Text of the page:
BigBand Has Big Plans for Cable Ops

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As cable operators outfit their networks for advanced video, voice and data services and evolve into full-service providers, BigBand Networks Inc., a company that launched quietly in 1999, said it has created a patented multimedia platform that will fit the bill.

After compiling $30 million in funding from Redpoint Ventures, Evergreen Investments and Broadband Ventures Group Cedar Fund-a group affiliated with AT & T Broadband chairman Amos Hostetter's Pilot House Associates LLC-BigBand is finally ready to tell the broadband world, "We have arrived."

The problem-or opportunity-is that legacy cable networks are aptly designed for low-bit-rate applications such as voice and e-mail, but they aren't equipped to handle variable-bit-rate, high-quality content such as streaming video.

"All aspects of the network will change as it evolves into a broadband-multimedia network," BigBand CEO Amir Bassan-Eskenazi explained. "Content used to be about data or e-mail or browsing. Today it's about delivering enhanced digital video and audio and interactive gaming, all over the same network."

Network elements such as jitter and latency must be treated differently when cable operators are faced with handling multiple forms of media streaming through a network.

While an e-mail packet can be rerouted and delayed, more advanced applications such as entertainment-quality videos or multiplayer twitch games require variable bit rates that must not falter.

"The characteristics of the stream are much different than what is used for best-effort data," Bassan-Eskenazi said. "We are skeptical about legacy systems and their ability to adjust and evolve the same way the current platform is doing for data and voice. Once you're talking about visual content, then it's completely different."

To help cable operators meet that challenge, BigBand-with networking experts lured from the likes of Optibase Ltd., Lucent Technologies and 3Com Corp.-has crafted a fresh network infrastructure that can deliver high-quality content over a single cable, digital-subscriber-line, satellite or wireless platform.

BigBand is still quiet about details of the technology that will make it all happen.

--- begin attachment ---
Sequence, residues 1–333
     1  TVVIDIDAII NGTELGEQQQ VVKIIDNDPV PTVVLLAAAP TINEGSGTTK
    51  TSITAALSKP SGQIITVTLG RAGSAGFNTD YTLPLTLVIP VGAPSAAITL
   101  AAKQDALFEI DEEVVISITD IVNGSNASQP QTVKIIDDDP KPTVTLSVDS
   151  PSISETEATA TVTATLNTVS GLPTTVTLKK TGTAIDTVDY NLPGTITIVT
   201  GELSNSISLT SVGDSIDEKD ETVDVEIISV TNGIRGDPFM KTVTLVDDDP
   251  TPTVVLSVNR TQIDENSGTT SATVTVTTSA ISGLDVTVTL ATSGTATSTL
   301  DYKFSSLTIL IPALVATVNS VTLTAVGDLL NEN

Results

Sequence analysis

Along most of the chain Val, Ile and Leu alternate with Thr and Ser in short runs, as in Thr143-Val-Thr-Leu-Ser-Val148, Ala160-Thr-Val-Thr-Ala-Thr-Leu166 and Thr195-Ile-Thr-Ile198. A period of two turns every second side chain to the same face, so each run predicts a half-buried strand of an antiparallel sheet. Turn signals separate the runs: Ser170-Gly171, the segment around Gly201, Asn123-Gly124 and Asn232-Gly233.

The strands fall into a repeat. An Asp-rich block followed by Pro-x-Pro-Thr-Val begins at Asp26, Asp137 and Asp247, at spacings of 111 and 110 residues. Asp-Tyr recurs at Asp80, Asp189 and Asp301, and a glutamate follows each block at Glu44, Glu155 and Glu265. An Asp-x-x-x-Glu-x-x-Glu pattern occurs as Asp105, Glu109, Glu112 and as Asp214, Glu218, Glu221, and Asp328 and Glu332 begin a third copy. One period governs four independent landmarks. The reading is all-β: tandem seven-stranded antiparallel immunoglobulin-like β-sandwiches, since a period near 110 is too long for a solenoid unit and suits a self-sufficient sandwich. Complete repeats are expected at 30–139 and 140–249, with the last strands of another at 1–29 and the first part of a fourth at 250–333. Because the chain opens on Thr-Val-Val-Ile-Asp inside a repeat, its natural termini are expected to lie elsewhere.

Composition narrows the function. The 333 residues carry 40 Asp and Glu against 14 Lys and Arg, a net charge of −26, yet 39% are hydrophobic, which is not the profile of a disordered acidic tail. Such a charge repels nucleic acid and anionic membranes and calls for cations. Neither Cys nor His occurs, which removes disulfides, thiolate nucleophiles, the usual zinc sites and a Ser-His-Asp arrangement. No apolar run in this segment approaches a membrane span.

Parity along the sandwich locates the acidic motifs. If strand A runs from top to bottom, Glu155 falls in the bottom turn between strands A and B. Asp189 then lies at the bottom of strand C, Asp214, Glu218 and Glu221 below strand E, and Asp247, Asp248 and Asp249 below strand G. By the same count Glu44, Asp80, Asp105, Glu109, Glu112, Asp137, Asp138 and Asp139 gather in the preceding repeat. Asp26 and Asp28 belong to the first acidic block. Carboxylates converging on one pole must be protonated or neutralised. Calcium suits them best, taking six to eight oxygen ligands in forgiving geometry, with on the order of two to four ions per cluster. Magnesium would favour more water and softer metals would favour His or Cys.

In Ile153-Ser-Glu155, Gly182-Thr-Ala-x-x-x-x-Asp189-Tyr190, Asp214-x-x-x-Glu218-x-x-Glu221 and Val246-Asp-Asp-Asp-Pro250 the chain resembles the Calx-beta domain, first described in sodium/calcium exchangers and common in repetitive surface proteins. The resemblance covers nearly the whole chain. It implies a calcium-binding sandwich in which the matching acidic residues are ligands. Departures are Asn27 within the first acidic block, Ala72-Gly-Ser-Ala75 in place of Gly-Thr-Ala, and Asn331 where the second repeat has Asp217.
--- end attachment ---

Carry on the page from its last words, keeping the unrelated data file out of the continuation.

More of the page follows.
Bassan-Eskenazi would only say that the company's "NativeMedia" technology will be a combination of software, hardware and firmware that sits on the edge of network, enabling service providers to distribute variable-bit rate, multimedia streams to myriad devices such as televisions, personal digital assistants, cellular phones and PCs.

"Our goal is to make quality broadband services available to any user with any communications device," he added.

BigBand chief technical officer and cofounder Ran Oz shed some light on the company's plans in June, when he presented a white paper at the Cable-Tec Expo in Las Vegas.

The paper outlined the use of a "Broadband Multimedia Router"-a new type of network component that serves as the foundation to a service-independent headend-management system for all digital services.

While the BMR would need certain Data Over Cable Service Interface Specification capabilities to support cable-modem services, the function of the technology, the paper disclosed, is the "open switching and routing of MPEG [Moving Picture Expert Group] transport packets of all types ... to any node or other grouping of subscribers."

The BMR would also enable operators to avoid distribution-system upgrades, which are typically required when a cabler wants to increase bandwidth capacity or split nodes.

When asked about the BMR, Bassan-Eskenazi would only say that the concept is part of a plan to introduce technology that helps cable operators to better manage their headends and boost bandwidth efficiency for advanced services.

BigBand said it would target the cable industry first.

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